5 questions with a colonial culinarian
It's not everyday that you get to meet an expert on colonial foodways—especially not one dressed in a historically accurate pilgrim outfit.
But that's exactly what happened to me at the museum recently. Colonial Foodways Culinarian Kathleen Wall spoke with museum visitors about colonial life and food, so I took the opportunity to ask her five questions about how pilgrims celebrated the harvest. Since 1980, Wall has been on staff at Plimoth Planatation, a Smithsonian Affiliate. She blogs about pudding and stewed pompions at Pilgrim Seasonings.
1. What are the top food myths about what was on the table for the "first" Thanksgiving?
Myth 1: Cranberry sauce. There might have been cranberries (but a berry by other name is still pretty not-so-sweet). They have lots of other names in English: Fen-berries, Fen-grapes; Marish-Berries, Marish-worts, Marish –whortleberries; Mosse-berries, Moore-berries, and kranebeere in Dutch... you get the picture.
Myth 2: Turkey was the centerpiece. Turkey was good, turkeys in Plymouth area were plentiful, big, 'fat and sweet,' but they weren't the only bird on the table. Ducks, geese, quails, pigeons (passenger pigeons, now extinct) and even swan could have been there, as well as venison.
2. What did they really eat at the harvest celebration in 1621 (the phrase folks at Plimoth Plantation prefer to "Thanksgiving")?
Corn (for flour for bread and grits for porridge) and venison; wild fowl (usually considered waterfowl) and turkeys. No potatoes, sweet or otherwise. No green bean casserole. No pie—neither apple nor pumpkin.
3. How do we know what was on the menu then?
Mostly we don’t. Quotes from two contemporary accounts:
William Bradford, Of Plimoth Plantation, Morison ed. p.90.: "And besides waterfowl there was great store of wild turkeys, of which they took many, besides venison, etc. Besides they had about a peck a meal a week to a person, or now since harvest, Indian corn to that proportion, which made many afterwards write so largely of their plenty here to their friends in England, which were not feigned but true reports." [You can read the full historical text.]
Mourt’s, Applewood, p. 82.: "At which time, amongst other recreations, we exercised our arms, many of the Indians coming amongst us, and among the rest their greatest king Massasoit, with some ninety men, whom for three days we entertained and feasted, and they went out and killed five deer, which they brought to the plantation and bestowed on our governor, and upon the captain and others."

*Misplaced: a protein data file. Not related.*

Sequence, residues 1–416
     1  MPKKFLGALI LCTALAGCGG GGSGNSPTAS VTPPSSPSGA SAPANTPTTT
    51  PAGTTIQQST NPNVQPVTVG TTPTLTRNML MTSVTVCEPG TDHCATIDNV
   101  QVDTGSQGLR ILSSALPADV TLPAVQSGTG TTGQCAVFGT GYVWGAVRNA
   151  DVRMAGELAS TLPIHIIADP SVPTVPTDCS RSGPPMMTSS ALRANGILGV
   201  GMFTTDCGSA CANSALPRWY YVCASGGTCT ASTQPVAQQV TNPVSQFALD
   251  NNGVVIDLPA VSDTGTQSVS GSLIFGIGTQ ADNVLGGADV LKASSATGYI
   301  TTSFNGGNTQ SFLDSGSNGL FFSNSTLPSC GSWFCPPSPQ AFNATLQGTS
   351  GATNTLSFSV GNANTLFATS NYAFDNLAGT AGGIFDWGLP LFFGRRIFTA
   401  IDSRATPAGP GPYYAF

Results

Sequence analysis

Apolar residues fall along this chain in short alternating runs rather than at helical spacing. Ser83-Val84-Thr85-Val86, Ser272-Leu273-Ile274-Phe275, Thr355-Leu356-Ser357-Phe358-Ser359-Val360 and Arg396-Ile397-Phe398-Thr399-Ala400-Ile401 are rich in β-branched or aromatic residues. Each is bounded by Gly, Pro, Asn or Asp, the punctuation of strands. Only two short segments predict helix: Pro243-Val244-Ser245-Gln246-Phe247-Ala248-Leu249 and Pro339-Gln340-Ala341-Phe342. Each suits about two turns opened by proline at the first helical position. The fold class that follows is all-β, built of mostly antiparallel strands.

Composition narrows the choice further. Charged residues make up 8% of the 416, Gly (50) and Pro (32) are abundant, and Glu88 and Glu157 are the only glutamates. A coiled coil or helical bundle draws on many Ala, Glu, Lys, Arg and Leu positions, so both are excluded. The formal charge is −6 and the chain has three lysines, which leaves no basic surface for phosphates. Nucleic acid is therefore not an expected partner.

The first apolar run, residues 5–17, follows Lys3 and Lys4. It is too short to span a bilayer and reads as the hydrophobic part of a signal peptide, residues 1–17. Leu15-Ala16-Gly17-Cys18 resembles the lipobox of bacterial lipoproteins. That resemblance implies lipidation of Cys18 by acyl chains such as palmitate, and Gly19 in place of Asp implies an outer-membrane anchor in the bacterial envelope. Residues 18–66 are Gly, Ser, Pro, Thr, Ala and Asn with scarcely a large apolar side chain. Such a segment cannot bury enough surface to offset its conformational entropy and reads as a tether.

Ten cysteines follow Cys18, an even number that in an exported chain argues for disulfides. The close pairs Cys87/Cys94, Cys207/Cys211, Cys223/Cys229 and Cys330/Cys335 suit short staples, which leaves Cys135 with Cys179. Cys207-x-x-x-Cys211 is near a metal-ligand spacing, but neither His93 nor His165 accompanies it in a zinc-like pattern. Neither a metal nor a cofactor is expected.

4. Who did the dishes?
Let's just file that under 'A Woman’s Work Is NEVER Done'
5. If I want to serve a pilgrim-inspired dish this Thanksgiving, what do you recommend?
Pottage is a great dish for day TWO of Thanksgiving!
The pottage recipe for Stewed Turkey with Herbs and Onions below is reproduced by permission.
Stewed Turkey with Herbs and Onions
4 pounds turkey parts (thighs and legs work well for this recipe)
1 teaspoon salt
2 large onions, sliced into ¼ inch rings
Bundle of fresh herbs, tied (any combination of sage, thyme, parsley, marjoram, and savory), or 2 tablespoons dried
⅓ cup red wine vinegar or cider vinegar
2 tablespoons (¼ stick) salted butter
2 tablespoons sugar
1 teaspoon black peppercorns
¼ teaspoon ground cloves
6-8 1-inch-thick slices of hearty bread, cut in half and toasted or fried until browned
Rinse the turkey pieces and place them in a pot large enough to accommodate them. Cover with cold water and add the salt. Cover the pot and bring the contents to a boil over medium-high heat. Reduce the temperature to keep the broth at a low simmer for 1 hour. Periodically, skim any froth that rises to the surface.
Remove the turkey pieces and set aside to cool. Raise the heat until the broth comes to a boil. Continue boiling, uncovered, until the liquid is reduced by half. This will take about 1 hour.
Add the onions, herbs, vinegar, butter, sugar, peppercorns, and cloves. Simmer for another 20 minutes, or until the onions are soft. While the broth is simmering, cut the cooled turkey into serving pieces.
Before serving, taste the broth and adjust the seasoning. Place the meat in the broth and let simmer gently for just 1 minute. Pour the turkey and sauce into a serving bowl. Pass the toasted bread slices to serve as a base for the turkey and to sop up the sauce.
Recipe source: Curtin, Kathleen; Oliver, Sandra L., and Plimoth Plantation. Giving Thanks: Thanksgiving Recipes and History from Pilgrim to Pumpkin Pie. New York, NY: Clarkson Potter, 2005
Erin Blasco is an education specialist in the museum’s New Media Department. If you’re still craving more food history, explore Food: Transforming the American Table, 1950-2000, which opens on November 20.